How Soon After Redundancy Can I Rehire?

You’ve made some redundancies in line with the needs of your business. However, things change and sometimes new recruits are needed again shortly after a redundancy process. So now what? This post provides guidance for employers and managers into what you should and should not do regarding rehiring after redundancy.

Published Categorised as Employment Law, Managing Redundancies
2020-09-15 - How Soon After Redundancy Can I Rehire - Lighter HR
2020-09-15 - How Soon After Redundancy Can I Rehire - Lighter HR

You’ve made some redundancies in line with the needs of your business. However, things change and businesses evolve, and sometimes new recruits are needed again shortly after a redundancy process. So now what?

The question of “How long before you can recruit after redundancy?” comes up quite frequently. As with many things related to employment law, there are no hard and fast rules in this situation.

As a general guide, you will only make a role redundant when you cannot see the situation changing in the foreseeable future and that time period is widely accepted as being 6 months. Therefore, generally, you should not recruit into a role that you have made redundant for a minimum of 6 months after the termination date of the employee.

For broader guidance on redundancy, we recommend reading our comprehensive guide which covers all aspects to consider when making redundancies in your business.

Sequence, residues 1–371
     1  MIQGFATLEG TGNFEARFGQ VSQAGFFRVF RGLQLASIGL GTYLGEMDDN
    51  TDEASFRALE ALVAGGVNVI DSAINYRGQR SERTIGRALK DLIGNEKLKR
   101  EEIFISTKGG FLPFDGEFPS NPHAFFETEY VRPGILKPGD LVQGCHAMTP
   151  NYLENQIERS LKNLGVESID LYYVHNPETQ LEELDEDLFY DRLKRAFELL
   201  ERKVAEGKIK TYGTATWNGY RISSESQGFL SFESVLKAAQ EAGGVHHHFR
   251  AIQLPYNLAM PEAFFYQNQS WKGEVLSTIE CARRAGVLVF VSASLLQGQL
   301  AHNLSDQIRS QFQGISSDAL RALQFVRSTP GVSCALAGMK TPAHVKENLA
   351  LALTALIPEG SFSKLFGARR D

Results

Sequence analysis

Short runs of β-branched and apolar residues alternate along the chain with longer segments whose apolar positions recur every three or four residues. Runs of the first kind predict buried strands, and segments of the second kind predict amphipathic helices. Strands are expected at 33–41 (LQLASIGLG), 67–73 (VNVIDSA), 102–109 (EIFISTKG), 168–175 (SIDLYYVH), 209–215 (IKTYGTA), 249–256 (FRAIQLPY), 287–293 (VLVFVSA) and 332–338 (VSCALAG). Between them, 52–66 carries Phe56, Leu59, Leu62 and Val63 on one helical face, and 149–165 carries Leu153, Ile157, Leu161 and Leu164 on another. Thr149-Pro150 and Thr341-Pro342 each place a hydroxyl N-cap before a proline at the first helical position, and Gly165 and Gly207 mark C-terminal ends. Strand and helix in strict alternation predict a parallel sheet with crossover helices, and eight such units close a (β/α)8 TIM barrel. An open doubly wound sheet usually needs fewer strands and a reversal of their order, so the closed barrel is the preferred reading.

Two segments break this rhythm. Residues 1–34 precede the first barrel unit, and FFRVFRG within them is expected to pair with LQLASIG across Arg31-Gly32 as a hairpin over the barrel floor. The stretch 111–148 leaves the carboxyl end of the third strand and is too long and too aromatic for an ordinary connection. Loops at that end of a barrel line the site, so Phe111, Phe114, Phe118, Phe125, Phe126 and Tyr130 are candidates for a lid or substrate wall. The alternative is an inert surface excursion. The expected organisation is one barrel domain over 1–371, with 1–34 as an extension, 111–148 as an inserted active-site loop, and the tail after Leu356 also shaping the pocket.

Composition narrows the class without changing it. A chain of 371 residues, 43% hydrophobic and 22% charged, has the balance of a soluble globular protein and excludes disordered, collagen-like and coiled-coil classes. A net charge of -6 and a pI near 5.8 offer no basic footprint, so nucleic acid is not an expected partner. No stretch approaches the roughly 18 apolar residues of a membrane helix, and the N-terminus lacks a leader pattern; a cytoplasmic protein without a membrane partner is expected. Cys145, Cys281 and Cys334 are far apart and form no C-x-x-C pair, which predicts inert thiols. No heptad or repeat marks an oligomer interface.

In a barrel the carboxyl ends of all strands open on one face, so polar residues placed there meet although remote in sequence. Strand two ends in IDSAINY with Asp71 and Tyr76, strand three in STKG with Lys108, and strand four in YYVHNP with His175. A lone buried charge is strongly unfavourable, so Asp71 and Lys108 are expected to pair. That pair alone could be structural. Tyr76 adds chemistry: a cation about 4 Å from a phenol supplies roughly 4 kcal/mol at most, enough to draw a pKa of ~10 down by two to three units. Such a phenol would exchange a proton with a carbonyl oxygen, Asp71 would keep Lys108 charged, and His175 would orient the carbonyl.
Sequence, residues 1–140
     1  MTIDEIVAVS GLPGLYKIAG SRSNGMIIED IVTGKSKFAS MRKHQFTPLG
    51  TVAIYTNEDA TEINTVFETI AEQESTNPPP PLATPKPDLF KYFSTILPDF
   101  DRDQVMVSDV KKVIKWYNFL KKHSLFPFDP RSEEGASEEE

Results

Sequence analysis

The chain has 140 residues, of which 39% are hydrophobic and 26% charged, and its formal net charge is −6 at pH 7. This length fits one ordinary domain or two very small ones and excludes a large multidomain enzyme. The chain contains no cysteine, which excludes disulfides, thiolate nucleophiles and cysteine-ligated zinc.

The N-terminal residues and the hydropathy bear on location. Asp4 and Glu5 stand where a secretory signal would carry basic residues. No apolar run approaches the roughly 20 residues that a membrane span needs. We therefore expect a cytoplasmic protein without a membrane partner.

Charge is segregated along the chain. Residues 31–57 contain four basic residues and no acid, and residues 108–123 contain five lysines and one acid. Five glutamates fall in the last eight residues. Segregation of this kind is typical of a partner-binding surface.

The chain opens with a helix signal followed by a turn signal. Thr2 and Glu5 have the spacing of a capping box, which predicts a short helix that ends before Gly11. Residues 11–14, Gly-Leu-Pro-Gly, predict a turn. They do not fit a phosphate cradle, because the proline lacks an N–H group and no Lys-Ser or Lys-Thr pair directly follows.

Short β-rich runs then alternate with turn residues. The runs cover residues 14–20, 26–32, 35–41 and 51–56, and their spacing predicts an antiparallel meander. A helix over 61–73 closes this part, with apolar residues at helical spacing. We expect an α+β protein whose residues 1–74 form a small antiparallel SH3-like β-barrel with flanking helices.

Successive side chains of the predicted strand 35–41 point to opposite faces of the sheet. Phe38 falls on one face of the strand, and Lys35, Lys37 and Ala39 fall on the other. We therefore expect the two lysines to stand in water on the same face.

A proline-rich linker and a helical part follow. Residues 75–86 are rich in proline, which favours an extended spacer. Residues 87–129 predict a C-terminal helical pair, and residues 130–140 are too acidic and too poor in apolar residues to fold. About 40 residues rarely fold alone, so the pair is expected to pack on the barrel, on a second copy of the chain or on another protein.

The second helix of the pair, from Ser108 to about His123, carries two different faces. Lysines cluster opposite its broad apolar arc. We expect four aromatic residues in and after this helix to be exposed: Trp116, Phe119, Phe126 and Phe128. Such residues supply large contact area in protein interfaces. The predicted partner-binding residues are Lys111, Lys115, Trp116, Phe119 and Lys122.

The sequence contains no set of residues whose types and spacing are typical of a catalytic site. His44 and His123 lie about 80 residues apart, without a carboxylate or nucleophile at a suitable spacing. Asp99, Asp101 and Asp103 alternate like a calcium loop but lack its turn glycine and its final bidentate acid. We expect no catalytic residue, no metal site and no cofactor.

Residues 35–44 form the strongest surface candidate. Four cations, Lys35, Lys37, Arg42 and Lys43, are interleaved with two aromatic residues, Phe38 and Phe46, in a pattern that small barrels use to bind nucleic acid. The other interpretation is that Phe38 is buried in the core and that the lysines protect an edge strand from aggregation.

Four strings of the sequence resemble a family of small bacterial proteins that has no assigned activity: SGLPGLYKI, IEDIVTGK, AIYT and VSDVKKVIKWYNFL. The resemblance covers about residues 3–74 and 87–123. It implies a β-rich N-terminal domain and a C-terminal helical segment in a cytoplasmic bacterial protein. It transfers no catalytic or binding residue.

The topics this post covers are:

We strongly advise you get in-touch with us on 0203 146 8770 to get expert, tailored guidance before you take any actions.

1. Making Sure You’re Using Redundancy Properly

When the question “How long before you can recruit after redundancy?” is asked at the start of a redundancy process it tends to start a few alarm bells ringing. It can be an indication that the role isn’t really redundant.

If a business is already thinking about how quickly they can backfill a position, it makes us wonder whether the business is really trying to deal with a poor performer through a redundancy process. Businesses can think that it’s going to be the easiest way to exit someone from the organisation.

We’re definitely not here to judge. However, if this is what you’re thinking we’d point you towards our redundancy guide.  The article will help you understand the complexities of the redundancy process. It also sets out the associated risks, particularly with using the process when it’s not a genuine redundancy situation.

However, the other time this question comes up is when there’s a great deal of uncertainty in a business. There can be a fear that, if a role is made redundant today and then needed again in a few weeks’ time the business is going to be in a very difficult position.

2. But My Business Needs Have Changed – What Should I Do?

A lot can happen in six months. I think we can all agree that things have never been more uncertain than they are right now. Frequently business needs change.